–The Adventurous Globe-Trotter says: “My favorite’s kombucha,” a probiotic tea that can be consumed straight up or used as an ingredient in a morning cocktail. She also recommends “miso soup for breakfast; 2 Advil; and 2 Nalgene bottles of water.”
–A chic friend says it’s all about H2O – she recommends drinking copious amounts of water throughout the evening – one drink, one glass of water – and also suggests ordering on the rock so that the ice cubes provide hydration.
–The sporting crowd seems to like the idea of oxygen bars or an oxygen tank. A few hits from a tank can help regulate the oxygen in your blood and aid in preventing nausea, headaches, and achy muscles. It can also help clear your head. The St. Regis in Aspen offers oxygen treatments with champagne as their luxury hangover cure.
–From the desert Southwest comes word of a prescription-strength pill, ReboundRx, developed by a Phoenix-based orthopedic surgeon. It inhibits the release of cytokines, which are the source of many of the unpleasant elements of a hangover. It has to be prescribed by a licensed medical practitioner, and is to be taken before bed on party night.
–But the center of all expertise on hangovers and how to make them disappear has to be Las Vegas. The people with PhDs in hangover recovery say that IV treatments that include a boost of vitamins like B1 and B12 are the best way to go. The problem is that you need access to someone who can administer them. If you’re in Vegas, for $150, Hangover Heaven will send a team to your hotel room with everything you need. If you’re in the Hamptons, $250 will get you a house call from The IV Doctor. Some nurses moonlight providing these IV drips to earn some extra income, so you could ask around.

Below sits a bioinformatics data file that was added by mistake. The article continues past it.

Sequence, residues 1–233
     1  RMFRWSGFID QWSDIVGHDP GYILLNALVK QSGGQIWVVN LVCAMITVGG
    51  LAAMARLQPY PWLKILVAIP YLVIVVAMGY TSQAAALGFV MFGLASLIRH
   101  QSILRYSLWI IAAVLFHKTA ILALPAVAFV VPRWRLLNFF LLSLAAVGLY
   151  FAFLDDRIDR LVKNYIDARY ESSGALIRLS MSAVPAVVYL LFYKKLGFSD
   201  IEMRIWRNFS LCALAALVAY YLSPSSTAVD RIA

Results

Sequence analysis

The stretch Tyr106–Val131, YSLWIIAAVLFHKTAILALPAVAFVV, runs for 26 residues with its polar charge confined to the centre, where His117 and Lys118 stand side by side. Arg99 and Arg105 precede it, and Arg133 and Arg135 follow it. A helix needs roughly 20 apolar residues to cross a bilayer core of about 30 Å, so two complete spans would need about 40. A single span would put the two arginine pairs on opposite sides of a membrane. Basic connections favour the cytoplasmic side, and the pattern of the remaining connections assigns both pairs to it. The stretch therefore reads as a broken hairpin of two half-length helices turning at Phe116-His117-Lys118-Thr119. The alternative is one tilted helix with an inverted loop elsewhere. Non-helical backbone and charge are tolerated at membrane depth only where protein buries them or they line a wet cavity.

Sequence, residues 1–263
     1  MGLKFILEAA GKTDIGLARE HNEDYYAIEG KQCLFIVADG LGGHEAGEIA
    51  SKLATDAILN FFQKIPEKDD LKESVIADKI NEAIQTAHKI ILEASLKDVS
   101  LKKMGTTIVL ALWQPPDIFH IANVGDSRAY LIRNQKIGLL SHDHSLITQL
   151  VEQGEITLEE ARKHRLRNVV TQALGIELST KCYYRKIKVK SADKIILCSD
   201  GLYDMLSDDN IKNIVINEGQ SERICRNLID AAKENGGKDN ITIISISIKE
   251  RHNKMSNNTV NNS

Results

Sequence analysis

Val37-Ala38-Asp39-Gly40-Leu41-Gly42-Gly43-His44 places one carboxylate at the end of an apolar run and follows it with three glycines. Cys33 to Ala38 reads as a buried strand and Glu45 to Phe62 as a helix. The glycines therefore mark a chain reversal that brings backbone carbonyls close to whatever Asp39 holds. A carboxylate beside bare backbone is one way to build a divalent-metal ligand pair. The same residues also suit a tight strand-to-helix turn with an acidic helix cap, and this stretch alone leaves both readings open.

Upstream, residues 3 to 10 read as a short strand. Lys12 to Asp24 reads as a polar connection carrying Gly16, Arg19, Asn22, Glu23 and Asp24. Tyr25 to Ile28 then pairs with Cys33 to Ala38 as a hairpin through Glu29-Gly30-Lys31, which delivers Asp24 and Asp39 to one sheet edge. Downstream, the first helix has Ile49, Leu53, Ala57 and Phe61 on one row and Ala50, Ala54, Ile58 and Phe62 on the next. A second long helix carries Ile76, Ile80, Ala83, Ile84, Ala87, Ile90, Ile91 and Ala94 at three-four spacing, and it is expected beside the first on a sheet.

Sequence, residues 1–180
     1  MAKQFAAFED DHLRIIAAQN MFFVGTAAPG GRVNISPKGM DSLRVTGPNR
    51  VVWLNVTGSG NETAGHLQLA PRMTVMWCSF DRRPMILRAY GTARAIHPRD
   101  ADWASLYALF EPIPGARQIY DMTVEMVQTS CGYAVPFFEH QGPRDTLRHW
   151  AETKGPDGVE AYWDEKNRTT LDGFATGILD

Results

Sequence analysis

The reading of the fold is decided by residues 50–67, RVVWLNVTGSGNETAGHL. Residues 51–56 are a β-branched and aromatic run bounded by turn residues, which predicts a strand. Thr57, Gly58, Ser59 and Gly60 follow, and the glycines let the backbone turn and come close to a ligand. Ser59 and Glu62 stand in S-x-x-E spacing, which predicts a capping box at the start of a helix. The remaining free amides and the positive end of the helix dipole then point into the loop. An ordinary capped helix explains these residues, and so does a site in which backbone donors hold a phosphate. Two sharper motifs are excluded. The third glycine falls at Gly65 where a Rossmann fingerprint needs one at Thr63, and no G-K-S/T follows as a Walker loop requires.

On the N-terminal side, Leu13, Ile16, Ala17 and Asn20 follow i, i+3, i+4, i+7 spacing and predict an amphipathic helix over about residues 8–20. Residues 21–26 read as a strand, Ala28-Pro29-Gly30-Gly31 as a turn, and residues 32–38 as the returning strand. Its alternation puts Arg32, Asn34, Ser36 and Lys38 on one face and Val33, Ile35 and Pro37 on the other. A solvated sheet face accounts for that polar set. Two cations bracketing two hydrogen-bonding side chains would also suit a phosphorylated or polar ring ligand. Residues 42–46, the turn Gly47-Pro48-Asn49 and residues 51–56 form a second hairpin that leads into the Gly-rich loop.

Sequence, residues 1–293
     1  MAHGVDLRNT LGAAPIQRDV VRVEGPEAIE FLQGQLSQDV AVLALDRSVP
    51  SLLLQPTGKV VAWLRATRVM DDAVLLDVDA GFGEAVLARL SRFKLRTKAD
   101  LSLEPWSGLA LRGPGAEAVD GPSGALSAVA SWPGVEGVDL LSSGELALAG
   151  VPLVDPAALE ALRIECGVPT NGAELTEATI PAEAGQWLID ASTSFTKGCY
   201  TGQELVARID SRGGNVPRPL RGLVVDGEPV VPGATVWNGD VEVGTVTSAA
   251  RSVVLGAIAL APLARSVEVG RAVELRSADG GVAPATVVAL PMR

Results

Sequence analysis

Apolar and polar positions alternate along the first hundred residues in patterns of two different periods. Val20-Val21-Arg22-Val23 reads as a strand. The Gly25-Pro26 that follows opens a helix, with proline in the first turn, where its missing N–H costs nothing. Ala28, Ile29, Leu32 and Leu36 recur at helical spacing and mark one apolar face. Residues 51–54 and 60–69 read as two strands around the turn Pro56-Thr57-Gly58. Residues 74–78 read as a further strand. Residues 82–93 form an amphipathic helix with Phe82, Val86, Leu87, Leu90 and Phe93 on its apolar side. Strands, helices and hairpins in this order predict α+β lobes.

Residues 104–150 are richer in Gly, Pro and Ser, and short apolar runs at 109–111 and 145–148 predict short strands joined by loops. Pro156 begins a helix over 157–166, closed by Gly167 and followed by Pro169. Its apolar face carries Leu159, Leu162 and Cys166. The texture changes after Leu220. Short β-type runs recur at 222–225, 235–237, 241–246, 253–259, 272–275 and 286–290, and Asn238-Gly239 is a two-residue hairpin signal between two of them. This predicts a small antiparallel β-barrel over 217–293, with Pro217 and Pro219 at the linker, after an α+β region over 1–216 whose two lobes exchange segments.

No time for any of that? You can fake sobriety and look – if not fully rested – then at least not fully a wreck, by following these 5 steps from the beauty industry experts:
1. Remove your makeup from the night before (you gotta start somewhere)
2. Apply toner, a hydrating facial mask, and then eye drops (our beauty editor says Rohr’s are the best)
3. Reduce eye puffiness further by employing ice cubes or chamomile tea bags
4. Avoid the temptation to use heavy eye-makeup: no liner, no shimmer, keep it simple
5. Throw on some lipstick, a light layer of tinted moisturizer, and a killer pair of sunglasses
So what do the true experts – the doctors – have to say on this subject? The over-arching themes are: hydration in the most efficient form possible; a digestive aid of some type (bubbles seem to help); a mild pain reliever (but Advil, not Tylenol) and the passage of time with no further alcohol intake.
Other doctor-recommended cures? Take a multi-vitamin to restore nutrients; if you’re a caffeine addict, have a small cup of joe to avoid a caffeine-deprivation headache on top of the one you already have; have some simple carbs (plain toast or crackers – not hash browns); get some rest (intense exercise is a really bad idea because you’re already dehydrated – but a walk might be good as long as you bring water; sleeping it off actually works if you can do it).
We need to grab our party shoes, so you’re on your own from here. Good luck, cowboys! Here’s our parting thought. One of the best suggestions we found when researching this pressing topic was that listening to country music is a helpful restorative (in combination with some of the remedies above). It helps pass the time, it allows you to feel less lonely, and really, you were probably singing loudly the night before anyway, so why not keep it up? But which tune is most suitable? One writer summed up the criteria brilliantly: “a proper hangover song must have equal parts regret over what you’ve done, and pride that you’re such a badass that you actually did it.” Who better than Johnny Cash to understand and empathize at a time like this? Check out Sunday Mornin’ Comin’ Down. It may not cure you, but it’ll definitely make you feel better.